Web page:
Placement is one of the most important aspects of marketing, but it’s also one that many business owners ignore. No matter how eye-catching a billboard or brochure might be, without the right location it’s unlikely to attract much attention at all.
Brochures might be smaller than billboards and retail signage, but they’re still an incredibly important aspect of marketing for retailers. Place your plastic brochure holders in the wrong location and you’ll rarely make much of an impact.
Place them in the right location, however, and you’ll reach customers that would otherwise spend their time in your store or sales office merely browsing through your stock and leaving without expressing any interest.
In this guide, we’ll share the four locations where you should keep plastic brochure holders in your store or sales office in order to maximize visibility, shopper interest and, most importantly, results.
At your checkout counter
Have you ever wondered why supermarkets always keep chewing gum, chocolate, energy drinks and other inexpensive but tasty treats close to the counter? It’s not a mistake, but a deliberate strategy designed to increase sales.
People that are completing their purchases are already engaging in a transaction, making the cost of a single energy drink or pack of gum insignificant to them. This means that they’re more likely to pick up a product and add it to their basket.
The same logic applies to brochures. Since customers are already completing their transaction at your counter, they’re more likely to see something they like in your brochure and inquire about it in order to add it to their purchase.
This technique is most effective for selling inexpensive items, but it works for just about anything. Position your brochures close to the counter and customers won’t view them as outright marketing, but as a chance to discover new items to buy.
Next to your products
Placing brochures close to your products is an excellent way to encourage shoppers to find out more about your product line-up. People that are interested in a product will often turn to a brochure for more information – and to view similar products.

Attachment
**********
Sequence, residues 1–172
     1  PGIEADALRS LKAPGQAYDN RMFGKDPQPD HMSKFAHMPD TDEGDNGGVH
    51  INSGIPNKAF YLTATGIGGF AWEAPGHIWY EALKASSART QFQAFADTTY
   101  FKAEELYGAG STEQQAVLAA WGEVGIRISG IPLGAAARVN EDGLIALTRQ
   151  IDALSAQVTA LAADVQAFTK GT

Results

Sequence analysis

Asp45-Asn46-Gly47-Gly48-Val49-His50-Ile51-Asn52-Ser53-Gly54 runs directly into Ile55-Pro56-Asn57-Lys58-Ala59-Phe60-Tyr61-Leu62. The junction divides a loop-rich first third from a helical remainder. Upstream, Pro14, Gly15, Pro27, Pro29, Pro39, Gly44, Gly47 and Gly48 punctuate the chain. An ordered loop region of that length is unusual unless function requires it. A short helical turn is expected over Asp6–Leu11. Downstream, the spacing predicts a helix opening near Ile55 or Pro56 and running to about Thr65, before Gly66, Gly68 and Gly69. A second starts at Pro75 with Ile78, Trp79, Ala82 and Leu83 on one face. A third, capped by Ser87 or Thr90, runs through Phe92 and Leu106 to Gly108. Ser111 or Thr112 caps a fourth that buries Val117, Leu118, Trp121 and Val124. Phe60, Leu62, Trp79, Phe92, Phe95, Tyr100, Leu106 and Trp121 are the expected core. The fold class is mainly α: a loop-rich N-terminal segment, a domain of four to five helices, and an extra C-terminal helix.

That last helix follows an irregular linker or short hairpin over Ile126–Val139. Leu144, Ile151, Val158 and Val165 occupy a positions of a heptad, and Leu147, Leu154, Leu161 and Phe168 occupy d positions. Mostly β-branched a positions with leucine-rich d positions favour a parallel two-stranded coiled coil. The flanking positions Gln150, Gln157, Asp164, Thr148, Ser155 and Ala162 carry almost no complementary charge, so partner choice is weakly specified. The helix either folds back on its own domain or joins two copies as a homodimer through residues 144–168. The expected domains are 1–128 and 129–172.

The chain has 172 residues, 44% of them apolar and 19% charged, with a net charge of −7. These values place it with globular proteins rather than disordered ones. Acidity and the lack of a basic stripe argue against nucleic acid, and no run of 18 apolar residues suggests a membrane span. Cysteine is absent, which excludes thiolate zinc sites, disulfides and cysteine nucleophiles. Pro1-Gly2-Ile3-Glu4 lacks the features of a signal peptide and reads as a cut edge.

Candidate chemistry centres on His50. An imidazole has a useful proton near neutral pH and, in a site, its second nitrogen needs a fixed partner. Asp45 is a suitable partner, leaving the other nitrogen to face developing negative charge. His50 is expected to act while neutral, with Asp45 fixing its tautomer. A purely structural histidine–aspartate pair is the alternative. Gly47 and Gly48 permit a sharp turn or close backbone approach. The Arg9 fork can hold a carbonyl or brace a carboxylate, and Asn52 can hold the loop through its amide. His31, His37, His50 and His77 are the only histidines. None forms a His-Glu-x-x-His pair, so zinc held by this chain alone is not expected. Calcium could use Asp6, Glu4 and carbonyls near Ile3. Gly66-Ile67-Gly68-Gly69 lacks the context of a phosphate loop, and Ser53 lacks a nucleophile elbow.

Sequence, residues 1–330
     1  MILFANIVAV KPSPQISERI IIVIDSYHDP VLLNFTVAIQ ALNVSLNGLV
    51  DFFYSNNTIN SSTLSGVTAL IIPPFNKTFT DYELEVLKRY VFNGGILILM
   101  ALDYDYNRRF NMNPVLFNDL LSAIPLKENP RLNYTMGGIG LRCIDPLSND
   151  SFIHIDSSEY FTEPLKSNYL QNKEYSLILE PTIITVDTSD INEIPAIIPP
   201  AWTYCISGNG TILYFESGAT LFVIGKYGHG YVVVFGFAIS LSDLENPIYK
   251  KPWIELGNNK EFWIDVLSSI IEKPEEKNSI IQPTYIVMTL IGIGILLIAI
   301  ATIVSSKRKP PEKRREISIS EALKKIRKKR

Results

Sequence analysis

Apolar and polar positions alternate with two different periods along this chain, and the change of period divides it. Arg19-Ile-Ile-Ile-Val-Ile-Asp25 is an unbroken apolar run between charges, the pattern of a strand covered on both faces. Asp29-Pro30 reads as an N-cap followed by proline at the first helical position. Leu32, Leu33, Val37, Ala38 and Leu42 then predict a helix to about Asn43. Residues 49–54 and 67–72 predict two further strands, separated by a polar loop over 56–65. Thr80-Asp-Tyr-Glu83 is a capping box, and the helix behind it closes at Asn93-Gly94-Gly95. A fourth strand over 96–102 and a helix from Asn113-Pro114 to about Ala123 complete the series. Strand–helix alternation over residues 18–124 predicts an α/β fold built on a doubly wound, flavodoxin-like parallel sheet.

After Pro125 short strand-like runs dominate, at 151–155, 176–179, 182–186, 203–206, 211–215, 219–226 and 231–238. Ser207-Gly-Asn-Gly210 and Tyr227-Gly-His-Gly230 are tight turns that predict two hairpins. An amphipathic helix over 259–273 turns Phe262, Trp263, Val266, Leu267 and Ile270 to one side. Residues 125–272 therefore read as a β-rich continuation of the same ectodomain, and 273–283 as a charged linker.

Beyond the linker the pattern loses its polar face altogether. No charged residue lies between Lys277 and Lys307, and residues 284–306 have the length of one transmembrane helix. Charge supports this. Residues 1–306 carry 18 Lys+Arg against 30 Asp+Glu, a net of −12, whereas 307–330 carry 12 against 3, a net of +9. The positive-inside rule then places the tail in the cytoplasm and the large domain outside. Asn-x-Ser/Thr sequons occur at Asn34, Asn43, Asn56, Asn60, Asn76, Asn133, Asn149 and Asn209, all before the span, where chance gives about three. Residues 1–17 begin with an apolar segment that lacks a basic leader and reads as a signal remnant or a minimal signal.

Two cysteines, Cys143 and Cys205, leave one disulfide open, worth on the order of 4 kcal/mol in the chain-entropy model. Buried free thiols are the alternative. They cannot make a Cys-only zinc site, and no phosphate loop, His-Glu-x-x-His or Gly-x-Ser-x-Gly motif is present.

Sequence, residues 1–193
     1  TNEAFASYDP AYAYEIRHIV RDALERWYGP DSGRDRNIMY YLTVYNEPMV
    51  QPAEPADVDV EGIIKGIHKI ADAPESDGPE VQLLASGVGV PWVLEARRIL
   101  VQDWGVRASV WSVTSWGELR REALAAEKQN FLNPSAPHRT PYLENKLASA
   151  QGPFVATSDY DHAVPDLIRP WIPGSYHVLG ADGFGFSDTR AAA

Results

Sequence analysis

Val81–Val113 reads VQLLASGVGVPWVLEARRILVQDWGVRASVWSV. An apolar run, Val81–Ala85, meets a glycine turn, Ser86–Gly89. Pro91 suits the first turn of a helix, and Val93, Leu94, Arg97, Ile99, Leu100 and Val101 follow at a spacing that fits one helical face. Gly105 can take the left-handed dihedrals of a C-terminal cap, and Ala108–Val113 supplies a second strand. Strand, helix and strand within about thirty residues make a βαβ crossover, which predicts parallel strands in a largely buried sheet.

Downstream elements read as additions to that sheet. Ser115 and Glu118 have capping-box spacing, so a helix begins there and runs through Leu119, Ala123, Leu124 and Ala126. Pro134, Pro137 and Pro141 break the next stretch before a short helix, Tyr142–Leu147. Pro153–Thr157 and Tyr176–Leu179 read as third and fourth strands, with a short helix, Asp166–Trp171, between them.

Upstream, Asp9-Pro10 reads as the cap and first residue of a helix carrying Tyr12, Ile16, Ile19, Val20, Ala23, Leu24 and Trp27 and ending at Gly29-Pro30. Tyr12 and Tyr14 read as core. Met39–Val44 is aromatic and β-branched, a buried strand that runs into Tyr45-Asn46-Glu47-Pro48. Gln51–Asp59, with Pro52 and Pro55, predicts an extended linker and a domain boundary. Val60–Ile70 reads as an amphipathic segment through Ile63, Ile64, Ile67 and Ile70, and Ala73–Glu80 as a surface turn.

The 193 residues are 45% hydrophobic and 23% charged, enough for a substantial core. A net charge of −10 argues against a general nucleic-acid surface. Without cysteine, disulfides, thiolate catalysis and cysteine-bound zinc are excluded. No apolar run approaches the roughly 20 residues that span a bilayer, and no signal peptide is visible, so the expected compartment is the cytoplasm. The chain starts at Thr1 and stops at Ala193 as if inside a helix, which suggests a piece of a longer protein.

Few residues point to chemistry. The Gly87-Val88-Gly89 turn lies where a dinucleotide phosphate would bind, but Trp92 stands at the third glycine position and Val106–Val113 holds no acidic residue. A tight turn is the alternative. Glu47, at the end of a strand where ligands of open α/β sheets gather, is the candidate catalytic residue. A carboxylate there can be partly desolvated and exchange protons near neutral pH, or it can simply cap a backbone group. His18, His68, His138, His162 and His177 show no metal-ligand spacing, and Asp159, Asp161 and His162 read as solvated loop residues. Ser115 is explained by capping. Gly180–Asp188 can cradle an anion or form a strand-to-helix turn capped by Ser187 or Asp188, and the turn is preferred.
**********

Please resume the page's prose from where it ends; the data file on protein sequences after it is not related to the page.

The logic behind this is similar to Amazon.com’s “similar items” section. Although the items listed below the product often aren’t complementary, they appeal to people’s natural desire to learn more about similar items to the one they’re viewing.
This technique is most effective in big-box retail, when a store has a large line-up of products and can categorize them easily. In a large store, different brochures can be used in the electronics, furniture and sports sections, for example.
Of course, this doesn’t mean that it isn’t effective for small retailers. Place brochures next to a product that attracts people’s attention – an in-store exhibit is a great idea – and they’ll quickly attract readers and produce customers.
At your store’s entrance
Contrary to popular retail belief, the majority of customers don’t enter your store knowing exactly what they want to buy. Most customers browse your products to work out what they’d like to purchase before choosing what they’d like.
Because of this, positioning your plastic brochure holder at the front of your store is a great way to use your brochures in order to educate customers on what your store has to offer and where it’s located.
Categorize your items by type and provide a map of your store showing customers exactly where they can find a particular item. Half of retail success is often simply showing people what you have to offer and where they can find it in your store.
An effective brochure won’t just inform shoppers of where items are – it will also produce a feeling of curiosity, prompting shoppers to spend more time browsing your store than they would if no brochures were provided.
On top of your sales desk
The above three techniques are aimed at retailers, although they also apply in high-value sales environments. If your business sells expensive products – for example, a car dealership – and depends on upsells, place a brochure holder on a sales desk.
Ideally, the brochure should promote a product or service that your company offers as an upsell. In the case of a car dealership, this could be an extended warranty or a car maintenance service aimed at reducing stress for customers.
The goal isn’t to outright sell the product or service to a customer, but to make them notice it. Once a customer notices the brochure, they’re much more likely to mention the upsell to your sales team, making it a far easier optional extra to sell.
“Warming” a sale using this strategy is an excellent way to make customers familiar with a product or service you offer and avoid the resistance that customers have to the “hard sell” tactics often used when dealing with upsells.